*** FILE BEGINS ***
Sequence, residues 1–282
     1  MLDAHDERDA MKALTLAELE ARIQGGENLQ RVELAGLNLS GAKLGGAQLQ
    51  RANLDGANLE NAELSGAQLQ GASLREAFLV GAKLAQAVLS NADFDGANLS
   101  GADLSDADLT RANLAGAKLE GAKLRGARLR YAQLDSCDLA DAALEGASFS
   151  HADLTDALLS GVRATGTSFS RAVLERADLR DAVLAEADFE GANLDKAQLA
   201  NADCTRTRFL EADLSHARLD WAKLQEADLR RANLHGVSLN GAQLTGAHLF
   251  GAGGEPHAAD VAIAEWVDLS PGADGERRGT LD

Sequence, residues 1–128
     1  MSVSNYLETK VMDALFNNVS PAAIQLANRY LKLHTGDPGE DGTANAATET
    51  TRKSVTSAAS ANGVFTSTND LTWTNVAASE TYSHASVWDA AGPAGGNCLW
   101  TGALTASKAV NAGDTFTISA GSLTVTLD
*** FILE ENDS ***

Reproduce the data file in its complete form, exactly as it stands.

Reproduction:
Sequence, residues 1–282
     1  MLDAHDERDA MKALTLAELE ARIQGGENLQ RVELAGLNLS GAKLGGAQLQ
    51  RANLDGANLE NAELSGAQLQ GASLREAFLV GAKLAQAVLS NADFDGANLS
   101  GADLSDADLT RANLAGAKLE GAKLRGARLR YAQLDSCDLA DAALEGASFS
   151  HADLTDALLS GVRATGTSFS RAVLERADLR DAVLAEADFE GANLDKAQLA
   201  NADCTRTRFL EADLSHARLD WAKLQEADLR RANLHGVSLN GAQLTGAHLF
   251  GAGGEPHAAD VAIAEWVDLS PGADGERRGT LD

Sequence, residues 1–128
     1  MSVSNYLETK VMDALFNNVS PAAIQLANRY LKLHTGDPGE DGTANAATET
    51  TRKSVTSAAS ANGVFTSTND LTWTNVAASE TYSHASVWDA AGPAGGNCLW
   101  TGALTASKAV NAGDTFTISA GSLTVTLD